Tuesday, January 02, 2007

Democratic backpedaling?

Are the Democrats walking the ethics and inclusiveness walk? You decide.

After some internal discussion, House Democrats have decided to use procedural rules to prevent Republicans from offering alternatives to any of their "first 100 hours" legislation -- bills to raise the minimum wage, rewrite ethics rules and the like.

Some observers have argued, vitriolically, that Dems have already abandoned their pledge to include the GOP in the legislative process -- in stark contrast to Republican behavior in the previous Congress, where a "majority of the majority" rule limited what bills could reach the floor.

Democrats, for their part, insist they remain committed to including Republicans, but don't want to give the opposition an opportunity to derail or delay these initial bills. They say the bills themselves have been debated at length before, so substantial additional debate or modification is unnecessary.

While I understand the Democrats' dilemma -- torn between full inclusiveness and the need to act quickly -- I will not be happy if this sets any sort of precedent for the rest of the session. I'll give them a pass on this if they live up to their promises on everything else; but it's yet another reason to watch them closely to make sure that they do.

Separately, the House ethics panel has publicly rebuked John Conyers, incoming chairman of the House Judiciary Committee, as part of a 2003 complaint that alleged he used congressional staff for personal errands and campaign work.

Speaker Nancy Pelosi has said Conyers will retain his chairmanship. Did she lie when she said she was going to clean up the House?

That depends on whether you think a three-year-old complaint should apply, and whether the admitted transgression rises to the level necessary to compel a resignation. Considering all Conyers has admitted to is not communicating clearly with his staff, that's hard to argue.

For me, the fact that the complaint is from 2003 is the major factor here. Democrats never said they would retroactively punish members, nor would that be good policy or good politics in a chamber where every member has some stains on their soul. The test for Democrats is how they behave from here on out, not how they behaved before.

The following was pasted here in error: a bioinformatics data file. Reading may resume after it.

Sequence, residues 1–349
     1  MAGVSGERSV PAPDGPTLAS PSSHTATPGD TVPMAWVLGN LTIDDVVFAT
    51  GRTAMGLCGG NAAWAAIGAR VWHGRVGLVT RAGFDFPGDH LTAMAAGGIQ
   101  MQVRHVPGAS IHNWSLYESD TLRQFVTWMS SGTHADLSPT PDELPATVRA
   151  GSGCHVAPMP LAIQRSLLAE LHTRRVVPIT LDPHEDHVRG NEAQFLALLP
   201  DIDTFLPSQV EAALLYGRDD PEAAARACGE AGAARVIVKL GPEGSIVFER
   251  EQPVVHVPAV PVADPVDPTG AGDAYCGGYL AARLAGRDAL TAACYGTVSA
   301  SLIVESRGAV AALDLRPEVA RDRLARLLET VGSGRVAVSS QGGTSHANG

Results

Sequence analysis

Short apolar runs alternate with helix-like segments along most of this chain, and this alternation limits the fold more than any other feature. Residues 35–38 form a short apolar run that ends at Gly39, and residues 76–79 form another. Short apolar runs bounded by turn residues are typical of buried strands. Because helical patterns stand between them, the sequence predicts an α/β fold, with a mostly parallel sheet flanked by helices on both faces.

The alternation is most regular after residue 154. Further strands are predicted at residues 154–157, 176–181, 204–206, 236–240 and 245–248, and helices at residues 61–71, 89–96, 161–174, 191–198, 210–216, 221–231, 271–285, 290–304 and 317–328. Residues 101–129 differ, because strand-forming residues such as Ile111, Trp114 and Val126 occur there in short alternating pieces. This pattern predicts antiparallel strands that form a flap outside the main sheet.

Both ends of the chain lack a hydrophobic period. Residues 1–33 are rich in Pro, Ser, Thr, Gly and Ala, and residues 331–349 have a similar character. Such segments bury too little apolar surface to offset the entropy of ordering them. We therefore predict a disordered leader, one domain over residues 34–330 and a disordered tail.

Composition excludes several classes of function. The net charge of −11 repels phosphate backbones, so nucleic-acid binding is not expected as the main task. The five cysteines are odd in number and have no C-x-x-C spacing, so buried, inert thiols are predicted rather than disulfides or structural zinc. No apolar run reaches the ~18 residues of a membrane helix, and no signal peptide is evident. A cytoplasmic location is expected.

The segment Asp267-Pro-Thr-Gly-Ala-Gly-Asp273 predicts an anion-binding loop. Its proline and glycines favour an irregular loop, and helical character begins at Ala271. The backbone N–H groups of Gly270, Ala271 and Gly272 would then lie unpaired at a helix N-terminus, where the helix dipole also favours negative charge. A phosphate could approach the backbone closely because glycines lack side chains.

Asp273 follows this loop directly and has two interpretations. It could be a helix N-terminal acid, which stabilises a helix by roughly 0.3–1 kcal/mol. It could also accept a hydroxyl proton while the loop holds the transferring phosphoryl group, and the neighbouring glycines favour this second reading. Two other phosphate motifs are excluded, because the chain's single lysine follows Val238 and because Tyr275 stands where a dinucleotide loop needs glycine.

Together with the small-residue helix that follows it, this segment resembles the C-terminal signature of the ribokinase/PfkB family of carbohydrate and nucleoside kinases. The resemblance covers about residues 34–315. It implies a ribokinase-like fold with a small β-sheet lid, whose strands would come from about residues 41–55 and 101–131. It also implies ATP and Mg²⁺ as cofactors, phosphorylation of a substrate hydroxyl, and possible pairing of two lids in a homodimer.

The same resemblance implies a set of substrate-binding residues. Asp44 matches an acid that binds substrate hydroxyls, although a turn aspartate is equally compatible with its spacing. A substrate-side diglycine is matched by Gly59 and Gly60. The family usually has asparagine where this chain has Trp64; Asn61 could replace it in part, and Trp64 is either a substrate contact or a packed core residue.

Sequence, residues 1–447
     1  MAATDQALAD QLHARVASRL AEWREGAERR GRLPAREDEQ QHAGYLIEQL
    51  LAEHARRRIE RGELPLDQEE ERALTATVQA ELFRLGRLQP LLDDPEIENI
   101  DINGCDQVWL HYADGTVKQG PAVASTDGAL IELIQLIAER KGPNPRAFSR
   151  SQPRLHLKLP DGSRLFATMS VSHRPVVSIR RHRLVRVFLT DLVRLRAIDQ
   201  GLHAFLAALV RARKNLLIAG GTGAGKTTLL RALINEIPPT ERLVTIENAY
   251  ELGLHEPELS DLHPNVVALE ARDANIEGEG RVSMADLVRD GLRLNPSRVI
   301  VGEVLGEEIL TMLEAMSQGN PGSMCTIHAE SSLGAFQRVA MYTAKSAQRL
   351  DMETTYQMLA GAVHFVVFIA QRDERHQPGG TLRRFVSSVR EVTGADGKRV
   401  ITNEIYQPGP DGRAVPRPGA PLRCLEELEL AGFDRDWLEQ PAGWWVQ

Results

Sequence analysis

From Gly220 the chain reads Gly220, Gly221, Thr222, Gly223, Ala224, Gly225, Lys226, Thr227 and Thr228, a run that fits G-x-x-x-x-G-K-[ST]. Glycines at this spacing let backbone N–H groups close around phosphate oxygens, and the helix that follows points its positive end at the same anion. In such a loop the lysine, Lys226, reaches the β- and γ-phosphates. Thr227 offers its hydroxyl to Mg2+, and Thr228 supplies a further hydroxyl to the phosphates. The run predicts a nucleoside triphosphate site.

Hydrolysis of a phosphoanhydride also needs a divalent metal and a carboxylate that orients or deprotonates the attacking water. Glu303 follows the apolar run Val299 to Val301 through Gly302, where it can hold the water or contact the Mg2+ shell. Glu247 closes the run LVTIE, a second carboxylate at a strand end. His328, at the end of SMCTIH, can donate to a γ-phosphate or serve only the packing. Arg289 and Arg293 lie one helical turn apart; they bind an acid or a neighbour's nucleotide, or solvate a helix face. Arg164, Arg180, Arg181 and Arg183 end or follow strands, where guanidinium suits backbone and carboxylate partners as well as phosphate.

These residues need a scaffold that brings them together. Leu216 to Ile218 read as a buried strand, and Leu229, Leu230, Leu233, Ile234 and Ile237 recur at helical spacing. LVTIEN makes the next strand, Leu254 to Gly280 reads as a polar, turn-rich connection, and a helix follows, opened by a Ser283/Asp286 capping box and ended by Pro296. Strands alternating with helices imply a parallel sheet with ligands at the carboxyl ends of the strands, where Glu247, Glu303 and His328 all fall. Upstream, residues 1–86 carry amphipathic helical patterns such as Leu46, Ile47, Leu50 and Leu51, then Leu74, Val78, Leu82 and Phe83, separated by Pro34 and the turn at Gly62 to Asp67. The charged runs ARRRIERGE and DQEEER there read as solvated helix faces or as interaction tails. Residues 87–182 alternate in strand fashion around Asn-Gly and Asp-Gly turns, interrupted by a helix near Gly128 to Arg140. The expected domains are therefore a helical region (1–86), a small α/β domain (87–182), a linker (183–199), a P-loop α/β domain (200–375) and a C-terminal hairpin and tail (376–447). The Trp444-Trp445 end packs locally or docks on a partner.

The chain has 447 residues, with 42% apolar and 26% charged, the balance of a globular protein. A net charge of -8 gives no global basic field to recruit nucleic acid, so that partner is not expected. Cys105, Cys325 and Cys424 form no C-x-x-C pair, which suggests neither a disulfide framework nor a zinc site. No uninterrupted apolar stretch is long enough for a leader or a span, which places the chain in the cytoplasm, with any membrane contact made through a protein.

But it does point up the need for an ethics panel with teeth, and (as I've begun to say so often I sound like a broken record), the need to watch the Dems closely and hold them to their promises.

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2 Comments:

Anonymous Anonymous said...

Sorry---but it sounds like you're copping out to me. How come a 3-year old complaint didn't bother Demcorats when it came to Tom Delay or Mark Foley? The time period didn't seem to matter then.

I see that the excuses are already starting. Even before the Dem leadership takes over. I sure hope that you will afford any Republican with a 3-year or older complaint the same kind of "well it's 3 years old, so doesn't really matter" because we will start today.

JP5

1/02/2007 5:55 PM  
Blogger Not Your Mama said...

So you'd put "using staff for personal errands" in the same light as cybersex with a minor?

Wow, that's some truly incredible moral reasoning there.

I'd need to know a lot more about what these personal errands entailed but assuming they did not involve sending aides out to recruit attractive teens for possible sexual encounters common sense would indicate these are not of equal weight.

What's next then...death penalty for jaywalkers?

1/03/2007 5:48 AM  

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